The detector or receiver array 28 is preferably formed of a plurality of individual receiving transducers 29 for converting sonic to electrical energy, the units 29 like transducers 20 being preferably regularly spaced apart in a rectangular frame or grid. Each individual transducer unit 29 is connected by a lead of a cable 35 to a corresponding individual amplifier 36 and thence by a lead 38 to a corresponding individual luminous source 37 of a source array 39. Each luminous source 37, which can be a glowtube, cathode-ray device, galvanometer with appropriate mask, or the like, as is well known in the art, provides over a small area an intensity of light which varies directly with the output voltage of the corresponding one of detectors 29, which voltage varies directly with the amplitude and polarity of the varying sonic pressure at corresponding positions in water 15'. Like source units 20 and receiver units 29, luminous sources 37 are arranged with regular spacings in the rectangular array or grid 39, the
4 spacings corresponding, with some desired proportional scale, to the spacings of transducer units 29. Thus, the pattern of light intensity distributed over the entire array 39 of luminous sources 37 represents to any desired linear scale the intensity pattern of sonic pressure in water 15 at the plane of detector array 28.
While rectangular arrays of fixed receiving transducers and luminous sources are shown, as my copending application S.N. 606,690 makes clear, any lesser number of transducers and luminous sources could be used and scanned to cover the same area occupied by the arrays. In the limit, of course, a single receiver or luminous spot analogous to a flying-spot scanner, or display, can be employed.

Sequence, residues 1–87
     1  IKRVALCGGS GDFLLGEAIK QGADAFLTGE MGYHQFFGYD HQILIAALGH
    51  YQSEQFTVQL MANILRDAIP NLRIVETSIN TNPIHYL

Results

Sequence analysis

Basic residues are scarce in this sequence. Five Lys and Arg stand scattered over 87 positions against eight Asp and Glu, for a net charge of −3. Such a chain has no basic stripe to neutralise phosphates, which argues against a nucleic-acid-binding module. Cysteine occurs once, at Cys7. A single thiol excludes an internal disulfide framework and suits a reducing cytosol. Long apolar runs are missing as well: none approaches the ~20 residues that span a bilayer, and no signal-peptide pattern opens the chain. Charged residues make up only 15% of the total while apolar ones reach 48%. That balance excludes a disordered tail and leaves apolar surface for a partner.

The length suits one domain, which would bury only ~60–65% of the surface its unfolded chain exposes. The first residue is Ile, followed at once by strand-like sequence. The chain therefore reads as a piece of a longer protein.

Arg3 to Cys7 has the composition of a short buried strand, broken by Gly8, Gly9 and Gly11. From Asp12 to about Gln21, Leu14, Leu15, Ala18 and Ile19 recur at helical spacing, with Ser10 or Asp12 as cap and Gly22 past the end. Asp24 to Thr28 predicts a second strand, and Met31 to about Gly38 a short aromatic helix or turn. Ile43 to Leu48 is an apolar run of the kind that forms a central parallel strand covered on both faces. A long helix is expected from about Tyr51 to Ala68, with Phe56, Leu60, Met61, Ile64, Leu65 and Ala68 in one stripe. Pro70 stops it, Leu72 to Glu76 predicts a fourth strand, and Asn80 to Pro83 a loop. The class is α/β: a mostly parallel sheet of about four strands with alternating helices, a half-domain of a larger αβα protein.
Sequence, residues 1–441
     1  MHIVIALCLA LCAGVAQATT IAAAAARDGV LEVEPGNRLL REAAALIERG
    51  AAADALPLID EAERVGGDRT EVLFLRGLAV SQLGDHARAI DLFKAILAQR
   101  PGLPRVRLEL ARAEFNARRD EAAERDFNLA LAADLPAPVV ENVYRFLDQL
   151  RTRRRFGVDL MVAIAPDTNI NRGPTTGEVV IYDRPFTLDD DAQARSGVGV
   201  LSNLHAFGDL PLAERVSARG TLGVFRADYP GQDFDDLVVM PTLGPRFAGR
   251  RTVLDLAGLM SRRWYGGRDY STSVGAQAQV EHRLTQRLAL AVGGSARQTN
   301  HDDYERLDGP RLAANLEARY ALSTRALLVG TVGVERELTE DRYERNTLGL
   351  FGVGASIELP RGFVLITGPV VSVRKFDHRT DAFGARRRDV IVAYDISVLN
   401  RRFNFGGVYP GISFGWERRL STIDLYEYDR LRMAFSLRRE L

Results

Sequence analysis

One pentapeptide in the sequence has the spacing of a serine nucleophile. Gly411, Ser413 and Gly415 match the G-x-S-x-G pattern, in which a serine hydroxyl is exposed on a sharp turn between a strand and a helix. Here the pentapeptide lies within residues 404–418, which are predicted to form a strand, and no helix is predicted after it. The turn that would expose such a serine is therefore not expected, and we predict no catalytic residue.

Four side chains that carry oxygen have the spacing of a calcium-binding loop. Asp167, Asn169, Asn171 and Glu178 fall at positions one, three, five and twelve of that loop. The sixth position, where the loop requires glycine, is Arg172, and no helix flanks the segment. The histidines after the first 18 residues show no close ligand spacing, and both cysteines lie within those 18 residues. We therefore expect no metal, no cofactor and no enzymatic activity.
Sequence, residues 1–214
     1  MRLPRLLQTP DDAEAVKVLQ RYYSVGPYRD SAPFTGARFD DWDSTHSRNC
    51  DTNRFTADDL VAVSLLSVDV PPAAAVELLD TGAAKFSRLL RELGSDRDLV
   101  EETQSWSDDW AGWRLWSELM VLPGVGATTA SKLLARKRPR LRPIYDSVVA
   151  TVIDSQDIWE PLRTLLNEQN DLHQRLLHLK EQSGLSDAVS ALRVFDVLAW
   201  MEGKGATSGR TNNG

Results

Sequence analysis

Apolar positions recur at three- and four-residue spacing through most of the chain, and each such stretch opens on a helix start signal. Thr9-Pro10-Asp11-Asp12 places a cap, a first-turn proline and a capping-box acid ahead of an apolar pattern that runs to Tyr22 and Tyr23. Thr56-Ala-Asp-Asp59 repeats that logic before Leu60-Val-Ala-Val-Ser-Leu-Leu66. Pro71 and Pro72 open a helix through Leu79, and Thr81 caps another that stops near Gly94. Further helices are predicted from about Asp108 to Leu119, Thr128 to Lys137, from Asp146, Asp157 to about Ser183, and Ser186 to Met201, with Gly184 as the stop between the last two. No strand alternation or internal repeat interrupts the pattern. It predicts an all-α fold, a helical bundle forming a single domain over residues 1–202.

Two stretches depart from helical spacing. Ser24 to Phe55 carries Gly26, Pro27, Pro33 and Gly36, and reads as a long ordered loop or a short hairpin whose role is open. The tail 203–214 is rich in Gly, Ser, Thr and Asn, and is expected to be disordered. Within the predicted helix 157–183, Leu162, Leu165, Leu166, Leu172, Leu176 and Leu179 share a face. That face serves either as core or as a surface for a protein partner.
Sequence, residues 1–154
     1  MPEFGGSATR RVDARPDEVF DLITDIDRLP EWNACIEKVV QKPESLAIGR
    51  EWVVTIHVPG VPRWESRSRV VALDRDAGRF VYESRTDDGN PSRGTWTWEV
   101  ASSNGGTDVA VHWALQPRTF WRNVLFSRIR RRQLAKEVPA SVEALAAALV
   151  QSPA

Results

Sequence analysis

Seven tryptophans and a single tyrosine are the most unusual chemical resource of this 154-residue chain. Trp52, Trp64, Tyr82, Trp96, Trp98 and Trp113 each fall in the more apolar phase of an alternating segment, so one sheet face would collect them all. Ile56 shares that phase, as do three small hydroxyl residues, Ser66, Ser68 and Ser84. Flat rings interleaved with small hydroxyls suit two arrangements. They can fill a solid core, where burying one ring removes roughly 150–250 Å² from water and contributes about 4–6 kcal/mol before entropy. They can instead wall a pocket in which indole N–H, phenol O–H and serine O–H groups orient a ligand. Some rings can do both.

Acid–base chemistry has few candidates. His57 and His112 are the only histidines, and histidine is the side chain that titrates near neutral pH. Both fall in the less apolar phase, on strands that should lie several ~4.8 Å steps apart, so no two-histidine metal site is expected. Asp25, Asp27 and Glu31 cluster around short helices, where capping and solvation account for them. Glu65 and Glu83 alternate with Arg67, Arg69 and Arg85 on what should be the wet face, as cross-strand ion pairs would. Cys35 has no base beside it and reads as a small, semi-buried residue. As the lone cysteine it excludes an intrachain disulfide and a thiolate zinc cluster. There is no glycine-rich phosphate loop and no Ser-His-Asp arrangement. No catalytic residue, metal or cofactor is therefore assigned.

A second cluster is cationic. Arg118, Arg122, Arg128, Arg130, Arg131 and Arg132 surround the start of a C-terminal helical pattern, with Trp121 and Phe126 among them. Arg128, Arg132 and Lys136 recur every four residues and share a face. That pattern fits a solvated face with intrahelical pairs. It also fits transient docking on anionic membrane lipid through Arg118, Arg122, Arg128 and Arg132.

As is shown in FIGURE 3, the pattern of light intensity on array 39 is imaged by a lens 40 and recorded in conventional form on a photographic sheet or film 41. Since the pressure variations in water 15 are alternating in form, a bias voltage is required in amplifiers 36 to translate this to a varying unidirectional voltage suitable for application to luminous sources 37. The photographic exposure of film 41 must be such as to take this variation into account, either by making a very short exposure at a peak of intensity of the luminous array 39 or, by restricting the aperture of lens 40, making a time exposure which includes one or more complete cycles of variation of luminous intensity corresponding to one or more complete periods of the sonic signals produced by source 19.
In FIGURE 2 is shown a plan view of the embodiment of FIGURE 1. As the source array 19 of transducers 20 sends out a substantially plane wave beam 21, this requires that the linear dimensions of array 19 be equivalent to many wave lengths of the sonic signal in water 15. Reflector 24 is a plane wall of any material which reflects a substantial part of the sonic energy incident upon it, such material as rock, brick, metal, or perhaps wood, serving this purpose. In addition, the dimensions of reflector 24 should be comparable to those of detector array 28, which are themselves comparable to the dimensions of source array 19. The spacing of individual unit sources 20 and unit detectors 29 should preferably be a fraction of the sonic wave length, such as the order of or less of a wave length to a maximum of about /2 wave length, of the sonic signal in water 15. This is not critical, although the smaller and spacing of the individual units, and thus the greater the total number of transmitting and receiving transducers 20 and 29, the higher is the resolution of the resulting image on film 41.